Why you might experience polyuria during Freshers’ week

The countdown is on. Only seven days until UoN Freshers’ Week commences! Whilst the most important thing about being a fresher is settling in, making friends and exploring campus, we know the best parts are normally the socials and nights out. For most (with a few exceptions of those who don’t drink), we know alcohol is going to be number one priority for that first food shopping trip.

Whilst you’re busy partying hard there’s a lot of science that explains the changes in your body’s function that happens on a night out (probably the last thing on your mind, right?) – but it doesn’t harm knowing a few fun facts.

First thing’s first, alcohol is a diuretic; ‘diuresis’ means increased urinary excretion. I’m sure for those who are familiar with drinking, you may remember (or not) having to take more trips to the bathroom than normal (and not just to check out your hair or take a selfie). The consumption of alcohol causes the receptors for ADH or vasopressin, a hormone that acts on the collecting duct of the kidneys to conserve water, to switch off. So when the pituitary gland normally (and soberly) signals for ADH receptors to insert aquaporins to channel water back into the body it is allowed to filter out and more water is lost in urine.

Once you ‘break the seal’ on a night out, you might find that you keep having to go. 

This is because you’ve emptied the liquid you first started drinking and get rid of the excess liquid caused by the diuretic effect of alcohol. This means after consuming alcohol you’re excreting more liquid than you’re taking in (imagine the quantities in all those empty bottles!); for every 1g of alcohol, urine excretion increases by 10ml. And if you think you’ll just stick to shots to minimise the volume of alcohol, then think again; all alcohol has the same diuretic effect.

You may wonder why you feel so dehydrated at the end of the night or the next morning since you were taking in a lot of fluid.

But as explained above, you’re urinating more water than you’re taking in and this is happening so quickly in fact, that you are dehydrating yourself. Not to mention the extra fluid you’re losing through sweat busting those moves. The worst case scenario would be visiting the bathroom because you’re being ‘sick to your stomach’, to put it nicely, losing even more fluid. So, despite feeling like you’ve spent half the night in the ladies, drinking small amounts of water throughout the night and before you sleep will help the head the next day!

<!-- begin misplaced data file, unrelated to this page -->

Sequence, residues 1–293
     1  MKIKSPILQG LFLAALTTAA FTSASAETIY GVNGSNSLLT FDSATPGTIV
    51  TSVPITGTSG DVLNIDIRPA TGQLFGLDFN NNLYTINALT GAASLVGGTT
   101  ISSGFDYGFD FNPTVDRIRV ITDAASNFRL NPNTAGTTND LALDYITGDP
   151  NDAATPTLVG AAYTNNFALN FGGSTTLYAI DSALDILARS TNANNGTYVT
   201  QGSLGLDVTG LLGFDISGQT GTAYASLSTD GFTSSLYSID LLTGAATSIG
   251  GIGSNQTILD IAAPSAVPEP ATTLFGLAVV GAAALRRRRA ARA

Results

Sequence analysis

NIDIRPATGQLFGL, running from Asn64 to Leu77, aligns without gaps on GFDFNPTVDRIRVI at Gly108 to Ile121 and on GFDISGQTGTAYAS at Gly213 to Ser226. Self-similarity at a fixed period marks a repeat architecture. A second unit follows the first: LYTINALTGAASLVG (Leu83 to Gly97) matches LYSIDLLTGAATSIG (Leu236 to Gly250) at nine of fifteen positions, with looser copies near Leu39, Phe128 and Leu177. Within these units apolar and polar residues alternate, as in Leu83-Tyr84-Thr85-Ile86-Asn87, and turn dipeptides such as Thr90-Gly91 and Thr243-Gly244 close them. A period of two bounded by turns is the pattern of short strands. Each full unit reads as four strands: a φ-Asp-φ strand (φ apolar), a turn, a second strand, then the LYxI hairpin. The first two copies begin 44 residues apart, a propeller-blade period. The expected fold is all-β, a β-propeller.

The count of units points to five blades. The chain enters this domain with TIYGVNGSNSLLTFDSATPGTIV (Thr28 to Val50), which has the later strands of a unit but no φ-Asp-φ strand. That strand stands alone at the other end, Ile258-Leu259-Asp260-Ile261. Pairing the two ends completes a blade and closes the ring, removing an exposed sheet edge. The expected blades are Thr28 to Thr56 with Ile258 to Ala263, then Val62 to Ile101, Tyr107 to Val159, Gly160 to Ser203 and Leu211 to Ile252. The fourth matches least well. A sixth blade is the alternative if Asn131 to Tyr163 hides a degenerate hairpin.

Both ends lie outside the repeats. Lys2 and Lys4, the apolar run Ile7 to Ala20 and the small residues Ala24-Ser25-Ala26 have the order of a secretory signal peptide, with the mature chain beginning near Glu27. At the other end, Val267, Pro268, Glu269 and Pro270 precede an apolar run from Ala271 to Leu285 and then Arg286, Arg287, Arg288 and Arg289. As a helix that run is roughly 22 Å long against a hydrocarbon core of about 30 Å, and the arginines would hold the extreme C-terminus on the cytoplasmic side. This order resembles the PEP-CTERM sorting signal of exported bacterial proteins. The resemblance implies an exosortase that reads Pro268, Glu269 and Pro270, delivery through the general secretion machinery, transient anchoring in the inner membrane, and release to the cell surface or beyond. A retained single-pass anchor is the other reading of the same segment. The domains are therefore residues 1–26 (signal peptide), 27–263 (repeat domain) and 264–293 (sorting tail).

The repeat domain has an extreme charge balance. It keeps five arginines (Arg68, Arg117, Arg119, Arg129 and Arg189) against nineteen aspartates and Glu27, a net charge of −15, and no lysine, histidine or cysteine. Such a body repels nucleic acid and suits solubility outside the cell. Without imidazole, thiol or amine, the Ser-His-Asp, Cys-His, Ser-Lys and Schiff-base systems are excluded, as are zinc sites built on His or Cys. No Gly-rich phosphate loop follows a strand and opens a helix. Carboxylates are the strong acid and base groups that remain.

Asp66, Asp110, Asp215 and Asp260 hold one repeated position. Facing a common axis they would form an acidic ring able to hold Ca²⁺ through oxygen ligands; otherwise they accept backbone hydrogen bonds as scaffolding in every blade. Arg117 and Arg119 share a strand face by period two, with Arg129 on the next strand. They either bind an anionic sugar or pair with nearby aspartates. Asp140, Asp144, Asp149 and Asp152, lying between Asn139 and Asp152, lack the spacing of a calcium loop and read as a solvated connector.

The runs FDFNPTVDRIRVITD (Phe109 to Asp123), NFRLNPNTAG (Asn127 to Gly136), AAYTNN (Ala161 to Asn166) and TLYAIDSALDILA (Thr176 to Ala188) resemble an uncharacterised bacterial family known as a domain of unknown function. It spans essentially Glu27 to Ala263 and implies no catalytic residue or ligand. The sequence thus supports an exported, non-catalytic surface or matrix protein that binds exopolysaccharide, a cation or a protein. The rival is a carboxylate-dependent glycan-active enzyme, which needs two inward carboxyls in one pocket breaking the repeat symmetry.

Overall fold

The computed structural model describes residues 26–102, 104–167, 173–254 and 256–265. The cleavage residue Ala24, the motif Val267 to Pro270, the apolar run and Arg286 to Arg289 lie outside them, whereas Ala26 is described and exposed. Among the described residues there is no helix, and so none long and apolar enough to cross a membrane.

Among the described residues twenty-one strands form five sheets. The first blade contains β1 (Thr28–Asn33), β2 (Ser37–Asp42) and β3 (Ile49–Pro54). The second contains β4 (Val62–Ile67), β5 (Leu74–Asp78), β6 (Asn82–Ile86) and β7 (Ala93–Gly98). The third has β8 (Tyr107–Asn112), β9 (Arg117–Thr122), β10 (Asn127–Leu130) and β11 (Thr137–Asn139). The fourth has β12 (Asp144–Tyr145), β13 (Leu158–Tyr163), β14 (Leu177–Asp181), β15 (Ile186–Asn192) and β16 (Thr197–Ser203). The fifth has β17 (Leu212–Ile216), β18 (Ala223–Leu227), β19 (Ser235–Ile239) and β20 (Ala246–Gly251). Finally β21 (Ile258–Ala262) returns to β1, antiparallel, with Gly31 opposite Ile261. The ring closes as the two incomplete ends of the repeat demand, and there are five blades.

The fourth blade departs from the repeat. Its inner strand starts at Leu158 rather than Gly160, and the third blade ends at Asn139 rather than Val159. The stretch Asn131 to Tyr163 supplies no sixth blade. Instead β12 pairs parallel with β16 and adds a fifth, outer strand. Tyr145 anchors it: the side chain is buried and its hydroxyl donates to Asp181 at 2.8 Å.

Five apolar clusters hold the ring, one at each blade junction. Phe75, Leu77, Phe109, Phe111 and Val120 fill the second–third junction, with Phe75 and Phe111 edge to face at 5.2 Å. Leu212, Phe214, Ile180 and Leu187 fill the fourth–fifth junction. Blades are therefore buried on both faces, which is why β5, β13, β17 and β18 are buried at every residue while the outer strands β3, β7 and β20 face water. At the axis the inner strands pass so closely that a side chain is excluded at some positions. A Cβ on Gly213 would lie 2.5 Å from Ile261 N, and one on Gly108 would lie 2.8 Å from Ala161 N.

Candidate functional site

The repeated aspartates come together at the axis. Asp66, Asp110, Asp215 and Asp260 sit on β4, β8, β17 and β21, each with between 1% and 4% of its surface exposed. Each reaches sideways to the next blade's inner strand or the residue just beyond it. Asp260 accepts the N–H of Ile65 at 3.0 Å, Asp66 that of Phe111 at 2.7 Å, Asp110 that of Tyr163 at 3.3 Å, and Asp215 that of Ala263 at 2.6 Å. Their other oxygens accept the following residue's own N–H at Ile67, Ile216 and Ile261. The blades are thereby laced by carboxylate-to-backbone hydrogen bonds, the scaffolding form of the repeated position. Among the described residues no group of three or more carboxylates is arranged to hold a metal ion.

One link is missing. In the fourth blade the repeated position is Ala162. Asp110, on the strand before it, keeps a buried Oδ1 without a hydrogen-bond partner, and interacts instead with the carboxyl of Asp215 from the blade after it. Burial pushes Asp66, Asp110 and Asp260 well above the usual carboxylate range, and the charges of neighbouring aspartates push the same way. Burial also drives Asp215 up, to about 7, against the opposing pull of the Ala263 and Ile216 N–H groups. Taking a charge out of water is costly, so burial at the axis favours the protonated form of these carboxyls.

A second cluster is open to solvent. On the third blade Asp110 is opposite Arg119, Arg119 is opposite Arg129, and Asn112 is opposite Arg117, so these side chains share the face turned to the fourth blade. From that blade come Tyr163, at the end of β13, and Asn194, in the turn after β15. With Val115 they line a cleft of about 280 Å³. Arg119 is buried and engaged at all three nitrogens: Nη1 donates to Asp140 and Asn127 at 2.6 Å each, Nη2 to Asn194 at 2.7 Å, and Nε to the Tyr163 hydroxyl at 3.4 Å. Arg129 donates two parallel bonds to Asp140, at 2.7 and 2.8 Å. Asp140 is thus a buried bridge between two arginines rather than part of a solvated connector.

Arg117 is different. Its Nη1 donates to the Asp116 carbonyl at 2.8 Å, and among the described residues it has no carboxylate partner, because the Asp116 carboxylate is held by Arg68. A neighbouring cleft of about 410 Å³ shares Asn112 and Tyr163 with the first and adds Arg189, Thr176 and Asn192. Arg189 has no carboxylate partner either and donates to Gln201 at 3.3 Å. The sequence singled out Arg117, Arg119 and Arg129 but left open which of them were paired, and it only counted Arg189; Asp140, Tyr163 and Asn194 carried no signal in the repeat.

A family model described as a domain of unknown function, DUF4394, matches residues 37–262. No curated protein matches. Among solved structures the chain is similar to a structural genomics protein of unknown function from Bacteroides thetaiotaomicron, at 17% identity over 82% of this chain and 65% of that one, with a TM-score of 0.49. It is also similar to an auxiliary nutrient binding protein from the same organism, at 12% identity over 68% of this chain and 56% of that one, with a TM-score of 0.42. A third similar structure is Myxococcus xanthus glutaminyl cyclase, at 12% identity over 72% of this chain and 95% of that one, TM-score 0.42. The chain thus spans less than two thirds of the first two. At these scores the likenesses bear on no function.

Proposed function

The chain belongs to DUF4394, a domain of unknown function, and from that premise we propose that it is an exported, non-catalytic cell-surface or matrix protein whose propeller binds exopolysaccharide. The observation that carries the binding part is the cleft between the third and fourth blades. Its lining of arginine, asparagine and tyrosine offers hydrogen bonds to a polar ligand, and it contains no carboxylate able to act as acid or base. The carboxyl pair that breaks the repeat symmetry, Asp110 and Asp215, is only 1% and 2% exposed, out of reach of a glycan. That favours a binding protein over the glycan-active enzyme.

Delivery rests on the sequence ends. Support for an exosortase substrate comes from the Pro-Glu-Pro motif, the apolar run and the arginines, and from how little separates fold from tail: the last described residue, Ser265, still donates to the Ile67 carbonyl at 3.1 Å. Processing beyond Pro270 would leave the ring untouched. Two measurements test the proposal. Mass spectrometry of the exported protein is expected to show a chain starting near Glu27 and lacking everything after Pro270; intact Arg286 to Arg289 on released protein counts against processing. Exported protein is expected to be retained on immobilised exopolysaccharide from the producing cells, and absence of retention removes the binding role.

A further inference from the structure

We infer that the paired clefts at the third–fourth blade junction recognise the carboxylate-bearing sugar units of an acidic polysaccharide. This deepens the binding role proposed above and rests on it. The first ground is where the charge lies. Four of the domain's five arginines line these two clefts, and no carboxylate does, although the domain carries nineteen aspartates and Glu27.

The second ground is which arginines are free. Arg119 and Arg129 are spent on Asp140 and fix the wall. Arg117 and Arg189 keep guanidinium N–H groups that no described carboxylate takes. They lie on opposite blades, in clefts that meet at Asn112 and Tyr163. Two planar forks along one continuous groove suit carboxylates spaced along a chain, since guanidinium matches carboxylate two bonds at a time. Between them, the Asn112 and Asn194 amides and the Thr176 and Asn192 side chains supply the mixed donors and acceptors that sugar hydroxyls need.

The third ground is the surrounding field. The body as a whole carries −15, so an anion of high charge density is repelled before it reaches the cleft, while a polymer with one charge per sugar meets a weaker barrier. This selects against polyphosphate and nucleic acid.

Even by trying to trick the brain with water instead of alcohol half way through the night, you’ll still end up losing about half of it and will still unfortunately be dehydrated. The only option is to stay up all night drinking water at certain intervals until the diuretic effect wears off and you can start conserving that precious water. But at that rate, you’d probably fall asleep on the bathroom floor since alcohol is a sedative. If you’re really trying to fight the hangover, having a teaspoon of salt before bed will help replenish the salts you’ve lost, or I suppose a portion of cheesy chips will do the job!

So next time you’re on a night out and wonder why the queue for the bathroom is so long you’ll know why. Have fun in freshers’ but know your limits!

Samantha Wake

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Image courtesy of Kimery Davis via Flickr 

One Comment
  • Nereida
    26 September 2015 at 21:49
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    This information is worth everyone’s attention. How can I find out more?

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